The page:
LUANG PRABANG, Laos – Women weavers sit side by side at their looms as they create exquisite patterns of gold, blue and red. It’s drizzling outside, and mist covers the mighty Mekong River that flows through the valley beneath the workshop.
Sykai Phonthilath, age 34, skillfully moves her fingers across the fine thread on her wooden loom as her foot pushes a pedal below. A few rows down, her mother Papeng also weaves a traditional Laotian textile. This tradition has continued for generations among women in many Laotian families: Papeng began teaching her daughter how to weave when she was just 8 years old, so young that her foot could not reach the pedal.
Now, a few decades later, Phonthilath is flourishing as a master weaver, creating original designs for scarves, wall hangings and skirts that are sold in boutique shops. She earns around $350 per month, enough to send her 16-year-old daughter to school and, hopefully, all the way to university – a first for a woman in her family.
Thanks to local organizations that support the work of women artisans, Phonthilath and many others are making a living from their craft. Both the Traditional Arts and Ethnology Centre (TAEC) and Ock Pop Tok, which means “East Meets West,” train rural women and offer them opportunities to market and sell their products.
Papeng, age 58, smiles at her daughter, “I’m happy she can use her income from weaving to make her family’s life better than it was in the past,” she says.
Phonthilath’s family couldn’t afford to pay for her education beyond the age of 18, so she used to work in the fields surrounding her village. Before she got a full-time job weaving at Ock Pop Tok’s craft center at age 21, she made traditional clothes at home for her family. “Now, my main income is from weaving,” Phonthilath says.
Phonthilath also receives health and social security benefits through her job, a rarity in many village communities. “I was able to build a house, and I have enough money to buy food and take care of medical expenses,” she says.
Businesswomen in the Villages
The Traditional Arts and Ethnology Centre (TAEC) also supports skilled women artisans in rural, impoverished areas of Laos. The nonprofit organization’s co-founder Tara Gujadhur has seen women transform their handicraft work into full-fledged businesses.
“We work with over 600 artisans, and 95 percent are women weavers or embroiderers from rural ethnic groups,” Gujadhur says. Her organization grants small loans to women and also trains them on product design and small business practices.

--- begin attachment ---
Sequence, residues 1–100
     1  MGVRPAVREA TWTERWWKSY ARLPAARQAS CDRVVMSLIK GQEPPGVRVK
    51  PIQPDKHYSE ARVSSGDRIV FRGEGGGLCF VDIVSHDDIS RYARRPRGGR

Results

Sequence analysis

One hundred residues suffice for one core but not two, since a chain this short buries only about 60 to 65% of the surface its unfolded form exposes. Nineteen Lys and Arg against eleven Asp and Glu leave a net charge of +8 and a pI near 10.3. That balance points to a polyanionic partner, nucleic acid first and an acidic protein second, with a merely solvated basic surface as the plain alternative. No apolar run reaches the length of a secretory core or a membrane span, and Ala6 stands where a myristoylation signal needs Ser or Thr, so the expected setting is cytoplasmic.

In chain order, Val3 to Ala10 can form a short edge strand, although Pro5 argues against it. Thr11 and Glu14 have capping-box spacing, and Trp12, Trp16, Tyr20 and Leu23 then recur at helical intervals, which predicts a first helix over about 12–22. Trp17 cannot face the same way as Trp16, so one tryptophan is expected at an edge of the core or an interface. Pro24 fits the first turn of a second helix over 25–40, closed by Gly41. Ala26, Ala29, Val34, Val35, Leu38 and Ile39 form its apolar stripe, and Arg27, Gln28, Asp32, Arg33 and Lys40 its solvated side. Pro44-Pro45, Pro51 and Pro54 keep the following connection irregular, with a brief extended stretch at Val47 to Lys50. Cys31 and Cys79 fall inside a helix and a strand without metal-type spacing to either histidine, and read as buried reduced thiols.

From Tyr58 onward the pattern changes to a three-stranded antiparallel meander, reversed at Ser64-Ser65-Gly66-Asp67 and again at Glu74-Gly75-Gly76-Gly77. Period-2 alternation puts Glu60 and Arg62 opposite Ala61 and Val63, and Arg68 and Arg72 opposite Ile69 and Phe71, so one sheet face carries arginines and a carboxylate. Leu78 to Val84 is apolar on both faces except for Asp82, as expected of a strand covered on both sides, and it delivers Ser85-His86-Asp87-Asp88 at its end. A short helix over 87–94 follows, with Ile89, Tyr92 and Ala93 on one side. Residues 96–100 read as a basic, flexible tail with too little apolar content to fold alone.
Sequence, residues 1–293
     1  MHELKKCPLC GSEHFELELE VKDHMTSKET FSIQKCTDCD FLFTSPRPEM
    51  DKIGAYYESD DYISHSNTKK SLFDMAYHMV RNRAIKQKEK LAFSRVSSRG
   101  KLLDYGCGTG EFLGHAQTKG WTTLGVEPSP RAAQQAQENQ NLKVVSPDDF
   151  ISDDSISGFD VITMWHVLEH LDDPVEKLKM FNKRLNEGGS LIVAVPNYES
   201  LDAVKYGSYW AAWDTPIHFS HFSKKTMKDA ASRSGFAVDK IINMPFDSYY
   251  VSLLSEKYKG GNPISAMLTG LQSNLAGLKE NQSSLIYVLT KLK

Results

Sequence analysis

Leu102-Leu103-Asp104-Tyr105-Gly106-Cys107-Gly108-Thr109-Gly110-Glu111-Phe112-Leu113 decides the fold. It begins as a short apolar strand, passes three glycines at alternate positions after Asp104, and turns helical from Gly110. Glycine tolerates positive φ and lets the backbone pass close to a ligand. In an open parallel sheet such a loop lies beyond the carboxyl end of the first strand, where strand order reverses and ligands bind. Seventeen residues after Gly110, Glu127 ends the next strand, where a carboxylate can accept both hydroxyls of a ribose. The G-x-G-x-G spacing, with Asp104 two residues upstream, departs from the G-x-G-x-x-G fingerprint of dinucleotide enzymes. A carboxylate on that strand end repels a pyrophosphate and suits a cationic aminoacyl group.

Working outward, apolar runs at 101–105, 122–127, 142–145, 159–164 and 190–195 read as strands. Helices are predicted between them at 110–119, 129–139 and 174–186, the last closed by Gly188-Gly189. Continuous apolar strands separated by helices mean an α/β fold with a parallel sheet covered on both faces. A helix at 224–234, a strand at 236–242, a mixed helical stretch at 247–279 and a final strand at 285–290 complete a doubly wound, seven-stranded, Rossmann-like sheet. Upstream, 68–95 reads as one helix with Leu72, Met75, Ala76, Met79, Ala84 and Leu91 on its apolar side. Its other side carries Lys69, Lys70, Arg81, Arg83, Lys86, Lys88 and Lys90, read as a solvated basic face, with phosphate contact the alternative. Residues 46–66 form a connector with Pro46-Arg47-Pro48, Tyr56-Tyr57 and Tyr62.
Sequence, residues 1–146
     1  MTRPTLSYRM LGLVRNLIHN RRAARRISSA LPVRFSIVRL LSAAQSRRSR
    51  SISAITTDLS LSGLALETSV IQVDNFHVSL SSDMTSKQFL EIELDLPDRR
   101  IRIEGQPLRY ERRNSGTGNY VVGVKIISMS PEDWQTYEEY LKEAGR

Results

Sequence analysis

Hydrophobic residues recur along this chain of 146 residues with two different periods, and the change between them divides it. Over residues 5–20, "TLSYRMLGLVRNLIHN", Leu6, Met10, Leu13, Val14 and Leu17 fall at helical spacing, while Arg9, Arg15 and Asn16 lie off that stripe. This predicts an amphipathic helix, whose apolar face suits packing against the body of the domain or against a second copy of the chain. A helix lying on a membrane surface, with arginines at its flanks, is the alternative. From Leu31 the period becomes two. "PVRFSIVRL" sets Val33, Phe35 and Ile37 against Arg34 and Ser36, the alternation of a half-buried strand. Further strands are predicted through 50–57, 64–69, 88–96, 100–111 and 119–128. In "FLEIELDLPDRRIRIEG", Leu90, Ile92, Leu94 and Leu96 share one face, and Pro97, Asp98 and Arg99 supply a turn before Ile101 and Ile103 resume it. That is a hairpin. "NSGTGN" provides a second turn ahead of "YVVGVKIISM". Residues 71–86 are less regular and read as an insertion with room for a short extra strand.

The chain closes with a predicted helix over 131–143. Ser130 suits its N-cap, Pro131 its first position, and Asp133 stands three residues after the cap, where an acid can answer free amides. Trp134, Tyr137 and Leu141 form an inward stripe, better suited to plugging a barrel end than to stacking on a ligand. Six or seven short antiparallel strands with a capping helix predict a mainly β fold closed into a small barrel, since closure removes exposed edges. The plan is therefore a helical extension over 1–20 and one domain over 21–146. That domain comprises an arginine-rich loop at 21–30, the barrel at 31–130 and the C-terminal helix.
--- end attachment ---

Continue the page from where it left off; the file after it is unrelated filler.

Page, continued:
Gujadhur, who is of Indian and Malaysian descent, was born in Kuala Lumpur and went to college in the United States. While living and working in Laos for the past 13 years, she has seen firsthand how these opportunities can offer women financial independence and uplift their families. “Studies show that women earning money are more likely to spend it on their families and on the health of the family, education and food,” she says.
“Weaving and embroidery are important parts of their cultural identity,” Gujadhur says. “So, it was passed down. It was a way for women to be social. They would chat with each other at the same time. They would produce the clothing that they would wear and their families would wear. We’re helping them commercialize some of these traditional skills.”
Another successful artisan is 58-year-old Famjoy Sehli, who has created a business from her traditional embroidery work, a handicraft passed down for generations in the Yao Mien ethnic group.
Sehli hails from a village about three hours from the Laos-Thai border. She learned to embroider from her grandmother, and by age 13, she had mastered the skill of braiding cord and wrapping it with silver.
She developed an acute business sensibility as an adult, and set up a handicraft stall to sell products out of her home. “She’s energetic and a go-getter,” Gujadhur says. “If there was a training opportunity, she went and did it; if there was an opportunity to cross the border into Thailand to sell products, she would do it; she was willing to take those kinds of risks.”
Sehli used her profits to hire people to work on her family’s farms, so she could focus full-time on her handicrafts work. She now coordinates other local artisans, including silversmiths and embroiderers, and helps them sell their own products.
“In the past, I used to owe money and did not earn enough to live,” Sehli says. “Nowadays, many things are getting better. I’ve been lucky that I can sell a lot and support my family. I think my embroidery sells well because I pay attention to the designs and what colors go together, and I try to do very careful work,” she says.
Keeping Traditions Alive
Bouathong Phetdara, 53, comes from a village where weaving is so intrinsic that she received more than 100 skirts from her husband’s family at her wedding.
She led the Lao Women’s Union in her village for five years and worked with the government and businesses to develop weaving products for a commercial market.
“In the past, we weaved our own cloth because we didn’t have money to buy clothes. We produced just a little and did not make a lot to sell,” Phetdara says. “Nowadays, we produce more to sell, so we have vehicles, houses and furniture.”
Though weaving has brought her financial success, she also emphasizes how important it is to preserve her culture.
“When I was 14, my mother taught me how to dye clothes in indigo and how to create a motif on textiles,” Phetdara says. “Our weaving techniques [are] passed on from generation to generation. It’s my goal to teach our children to learn how to weave.”
Gujadhur’s organization also runs a museum in Luang Prabang highlighting the vast array of ethnic minority cultures and women’s handicrafts in Laos.
“When women are empowered, not just economically but in other parts of their lives, good things can happen in their communities and with their children,” Gujadhur says.